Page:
Monday 18 November 2019, 15:37

Philippines taking multicultural dream on to global stage

  • Video games and social networks have contributed to national-team growth

  • Latest squad made up of players from 12 different countries

  • Crucial Qatar 2022 qualifier against Syria takes place on Tuesday

There is not a national squad like that of the Philippines anywhere else on the planet. This statement can only be understood by delving a bit deeper into the team’s recent history.

In 2005, an anonymous video games fan got in touch with the Philippine Football Federation (PFF) to inform them that Phil and James Younghusband, two English brothers coming through Chelsea’s youth set-up, had a Philippine mother and were eligible to play for the Azkals.

In a region where basketball and boxing tend to take centre stage, it was essential for the PFF to find a way of boosting football’s profile and popularity. And that is where history plays a decisive role: throughout the last century, Filipinos were long associated with searching for opportunities far outside their borders. As a consequence, thousands of Filipino citizens and their descendants play in countries with a richer footballing history.

The Miracle of Hanoi

The idea of unearthing players in far-flung parts of the world began to take shape, but results did not initially follow. The PFF decided not to enter the qualifying campaigns for the 2006 and 2010 FIFA World Cup™ tournaments, because, despite the significant economic and logistical efforts being made, the team’s level of play was still too low. In the end, the transformation of the Filipino national team was achieved through a focus on improving competitiveness, which would eventually bear fruit at major tournaments.

One of the most striking examples of tangible progress came at the AFF Championship, the biennial regional tournament for South-east Asian nations. In 2010, Vietnam – hosts and defending champions – were drawn to play Philippines in the second match of the group stage – a daunting challenge for a side that had lost five and drawn one of their last six games.

However, an eye-catching performance by the Azkals led to what is now commonly known as the 'Miracle of Hanoi'. Goals from the English-born pair of Chris Greatwich and Phil Younghusband silenced the 40,000 home fans, in the new mixed-race generation’s first landmark victory.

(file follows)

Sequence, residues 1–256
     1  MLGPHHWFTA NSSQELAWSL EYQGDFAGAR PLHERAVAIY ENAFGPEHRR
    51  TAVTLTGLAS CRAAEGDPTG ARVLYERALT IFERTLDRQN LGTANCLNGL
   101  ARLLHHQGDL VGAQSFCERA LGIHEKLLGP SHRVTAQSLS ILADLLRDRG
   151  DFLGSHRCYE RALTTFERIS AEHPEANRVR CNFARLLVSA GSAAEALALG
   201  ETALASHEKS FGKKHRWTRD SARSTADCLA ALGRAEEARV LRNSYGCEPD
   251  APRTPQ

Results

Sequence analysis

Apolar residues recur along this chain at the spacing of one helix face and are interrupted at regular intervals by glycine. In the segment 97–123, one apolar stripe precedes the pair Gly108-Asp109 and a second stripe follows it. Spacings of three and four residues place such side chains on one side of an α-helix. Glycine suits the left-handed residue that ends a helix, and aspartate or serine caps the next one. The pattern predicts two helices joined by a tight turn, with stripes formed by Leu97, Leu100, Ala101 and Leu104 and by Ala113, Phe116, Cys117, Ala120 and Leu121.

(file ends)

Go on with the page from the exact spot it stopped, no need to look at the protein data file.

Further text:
Phil Younghusband (C), Philippines' top goal scorer

From video games to social networks

Following that memorable success, a number of players with Filipino parentage expressed a desire to represent the national team.

Sometimes, it was the PFF that took the first step. “My mum is from the Philippines, and they contacted me to find out if I wanted to be part of the team,” forward Angel Guirado – born in Spain, and a Filipino international since 2011 – told

On other occasions, word of mouth and the emergence of social networks provided the link. “I had a friend who played with Angel Guirado in Spain, and I’d heard the story,” explained Carli De Murga, who is another Spaniard with a Filipino mother, and who has also represented Philippines since 2011. “I contacted Angel through Facebook, and he put me in touch with the Federation. I sent them a video and they called me up straight away.”

Currently, the squad includes footballers born in 12 different countries: Germany, England and Spain make up the majority, but Denmark, Norway, the Netherlands, Scotland, Australia, Italy, Switzerland, Japan and the United States also feature.

What is it actually like to be part of such a multicultural squad? “The atmosphere is brilliant,” said De Murga. “Personally speaking, playing in the same jersey as people with so many different cultures and customs has really helped me to mature. It broadens your horizons. And I love that everyone’s also quite alike, and that we all feel comfortable in each other’s company.”

Angel Guirado and Carlie De Murga of the Philippines

Syria showdown key to World Cup dream

Playing in this diverse and familiar environment has started to pay dividends. In January the Filipinos competed in the AFC Asian Cup for the first time, and they currently find themselves in an advantageous position in the second round of Asian qualifying for Qatar 2022.

Philippines lie third in Group A, with the same number of points as China PR. A draw in their upcoming match with Syria would be enough to move them up into second spot (the four best of eight runners-up qualify for the third round), at least until the next round of games in March.

“That would be amazing – a fantastic achievement,” said Guirado from the team’s camp in Dubai, where the match is due to take place. “In football, nothing is impossible. The result in our first game with Syria (a 5-2 defeat) did flatter them quite a bit."

“It’s now or never,” said De Murga. “We have an historic opportunity. Syria have a lot of talent up front, but they sometimes leave themselves open at the back. We have to play as a unit, try to frustrate them, and do them damage any time we get a chance.”

Curiously, Phil Younghusband, the youngest of the two long-serving siblings, announced his retirement from football on Monday. He bids farewell to the game as Philippines’ most capped player (108 appearances) and their all-time top scorer (52 goals), and will likely look on with great excitement as one of the world’s most multicultural teams attempt to pull off another impressive result.